In the past several decades, field studies have shown that woody plants can access substantial volumes of water from the pores and fractures of bedrock. If, like soil moisture, bedrock water storage serves as an important source of plant-available water, then conceptual paradigms regarding water and carbon cycling may need to be revised to incorporate bedrock properties and processes. Here we present a lower-bound estimate of the contribution of bedrock water storage to transpiration across the continental United States (CONUS) using distributed, publicly available datasets. We find:

  • Temporal and spatial patterns of bedrock water use across the CONUS indicate that woody plants extensively access bedrock water for transpiration.
  • Plants across diverse climates and biomes access bedrock water routinely and not just during extreme drought conditions.
  • On an annual basis in California, the volumes of bedrock water transpiration exceed the volumes of water stored in human-made reservoirs, and woody vegetation that accesses bedrock water accounts for over 50% of the aboveground carbon stocks in the state.
  • Plants commonly access rock moisture, as opposed to groundwater, from bedrock and that like soil moisture, rock moisture is a critical component of terrestrial water and carbon cycling.
Schematic of an idealized rooting profile, where the root-zone is broken up into soil and bedrock components

Available Resources

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All of the code for this project is available on the GitHub repository and Zenodo.

Data Products

Data Products

All of the resulting data products from this project are available on Hydroshare. Relevant map data are also accessible via Google Earth Engine.


Google Earth Engine

We used Google Earth Engine in the Google Colab Python API environment for the bulk of the analyses associated with this paper. This is a free service, however it requires users to sign-up prior to use.



Check out the paper (DOI 10.1038/s41586-021-03761-3) and press, including press releases from UT Austin and Simon Fraser University.


Publicly Available Data Used in Analyses

See above for more information on getting started with Google Earth Engine (GEE).

Thumbnail of South America with generic PML data shown as color


Penman-Monteith-Leuning Evapotranspiration V2 (PML_V2) (GitHub)(Zhang et al., 2019)500 m resolution. Available on GEE from 2002 to 2017. Bands used = 'Es' and 'Ec'.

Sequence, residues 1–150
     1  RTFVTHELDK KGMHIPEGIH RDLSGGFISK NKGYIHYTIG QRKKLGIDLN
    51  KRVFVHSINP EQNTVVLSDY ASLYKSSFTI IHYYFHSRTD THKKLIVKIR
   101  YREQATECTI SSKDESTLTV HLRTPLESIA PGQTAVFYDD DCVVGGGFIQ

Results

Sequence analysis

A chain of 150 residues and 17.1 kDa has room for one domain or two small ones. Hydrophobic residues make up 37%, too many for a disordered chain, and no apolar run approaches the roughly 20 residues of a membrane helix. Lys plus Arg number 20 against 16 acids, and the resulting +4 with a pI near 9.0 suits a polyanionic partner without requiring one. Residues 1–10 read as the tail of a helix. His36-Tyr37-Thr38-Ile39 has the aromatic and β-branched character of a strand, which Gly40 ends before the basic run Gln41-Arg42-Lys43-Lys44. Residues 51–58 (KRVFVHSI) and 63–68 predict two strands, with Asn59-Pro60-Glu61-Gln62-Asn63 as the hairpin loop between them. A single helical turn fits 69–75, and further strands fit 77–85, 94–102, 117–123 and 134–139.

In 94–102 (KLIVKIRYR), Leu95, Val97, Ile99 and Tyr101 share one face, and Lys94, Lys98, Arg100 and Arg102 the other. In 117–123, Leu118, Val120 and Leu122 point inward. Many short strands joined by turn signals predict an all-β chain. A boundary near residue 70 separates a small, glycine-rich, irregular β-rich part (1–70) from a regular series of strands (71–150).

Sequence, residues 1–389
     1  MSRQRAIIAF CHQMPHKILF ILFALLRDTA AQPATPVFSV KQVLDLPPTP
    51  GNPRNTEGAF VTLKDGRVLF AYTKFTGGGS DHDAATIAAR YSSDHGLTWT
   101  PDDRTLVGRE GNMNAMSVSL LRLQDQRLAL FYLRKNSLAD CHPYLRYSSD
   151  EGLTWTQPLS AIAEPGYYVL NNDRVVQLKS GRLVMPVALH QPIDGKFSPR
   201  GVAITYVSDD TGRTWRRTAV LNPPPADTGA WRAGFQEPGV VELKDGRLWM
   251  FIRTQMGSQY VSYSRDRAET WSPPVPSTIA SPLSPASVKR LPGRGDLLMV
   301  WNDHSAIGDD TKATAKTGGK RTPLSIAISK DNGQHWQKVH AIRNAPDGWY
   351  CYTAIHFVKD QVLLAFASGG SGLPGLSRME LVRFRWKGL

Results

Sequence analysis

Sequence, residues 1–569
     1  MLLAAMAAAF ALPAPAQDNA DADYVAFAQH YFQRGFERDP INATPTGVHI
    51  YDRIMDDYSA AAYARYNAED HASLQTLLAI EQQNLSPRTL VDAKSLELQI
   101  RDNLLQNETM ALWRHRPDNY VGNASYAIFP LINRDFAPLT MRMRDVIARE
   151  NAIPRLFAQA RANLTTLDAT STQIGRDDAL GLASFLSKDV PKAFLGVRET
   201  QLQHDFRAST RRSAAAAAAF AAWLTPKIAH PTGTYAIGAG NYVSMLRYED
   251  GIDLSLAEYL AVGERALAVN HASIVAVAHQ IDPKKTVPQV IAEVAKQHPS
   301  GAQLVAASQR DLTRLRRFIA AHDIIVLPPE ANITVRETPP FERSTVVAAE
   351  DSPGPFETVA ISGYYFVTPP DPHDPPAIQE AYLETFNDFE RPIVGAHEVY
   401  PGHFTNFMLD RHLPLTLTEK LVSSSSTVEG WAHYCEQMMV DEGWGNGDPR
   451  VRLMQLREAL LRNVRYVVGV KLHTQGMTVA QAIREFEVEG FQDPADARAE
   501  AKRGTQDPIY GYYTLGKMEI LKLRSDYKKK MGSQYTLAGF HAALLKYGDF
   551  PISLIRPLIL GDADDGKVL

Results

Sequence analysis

Thumbnail of CONUS with generic PRISM data shown as color


PRISM Daily Spatial Climate Dataset
(Daly et al., 2007). 2.5 arc-minute resolution. Available on GEE from 1981 to 2021. Bands used = 'ppt.'

Thumbnail schematic of data sources for gNATSGO and generic map of CONUS

Soils Depth and Water Storage

Gridded National Soil Survey Geographic Database (gNATSGO)
(Soil Survey Staff, 2019). Not available on GEE, but is hosted as a personal asset for this project, with relevant inputs also available as tifs in Hydroshare respository.

Thumbnail of Western US with generic NLCD data shown as color

Woody Vegetation

United States Geological Survey National Land Cover Database (USGS NLCD)
30 m resolution. Available on GEE from 1992 to 2017. Bands used: 'landcover'.

Thumbnail of North America with MODIS snow data shown as color

Snow Cover

MODIS Terra Daily Global Snow Cover
500 m resolution. Available on GEE from 2000 to 2021. Bands used: 'NDSI_Snow_Cover.''

Random thumbnail showing MODIS data across a river drainage

Additional Datasets

Datasets used in the analyses of bedrock water storage but not required for making or masking project products include: Koppen Climate (Peel et al., 2007)(data) ; MODIS Landcover (GEE), and above-ground Carbon (Spawn et al., 2020) (data) (personal GEE asset).

Personal Assets Hosted on GEE

Please note: This is not a permanent repository. If these links cease to work, please find the same data, which can be added to GEE manually, stored permanently in the Hydroshare repository.

Thumbnail showing Dbedrock data across CONUS

Bedrock water storage capacity

GEE collection with annual bedrock water storage capacities for water years 2003 to 2017, at 500 m resolution for CONUS and masked (see section on Masking Layers).GEE image of total bedrock water storage capacity (Sbedrock) calculated over the water years 2003 to 2017, at 500 m resolution for CONUS and masked (see section on Masking Layers).

Thumbnail showing outline of masked areas in generic river valley

Masking Layers

Three masks were used to restrict analyses to places likely to use bedrock water and GEE images are given in one GEE image collection, along with the combined total of the masks. These masks include: (1) Woody vegetation. (2) Depth to bedrock less than 1.5 m. (3) Cumulative evapotranspiration less than precipitation from 2003 to 2017. See the Methods section for more information on how these masks were created.

Thumbnail showing color and topography across a mountain in CA

Root-zone storage (Sr)

GEE image of Sr (mm) taken as the maximum root-zone storage deficit from 2003 to 2017. For more information, see the Methods section, as well as Dralle et al., 2020 , which details the snow correction method utilized for this product. The original inspiration was taken from Wang-Erlandsson et al., 2017, so you may also want to check that out!

Thumbnail of western US with generic colors

Other Products

Several other products were used in this study which, although published prior to this work, were not hosted on GEE and therefore were uploaded by the authors as personal assets for use in the code. Please see the above section in this site for links to those data and relevant personal GEE assets.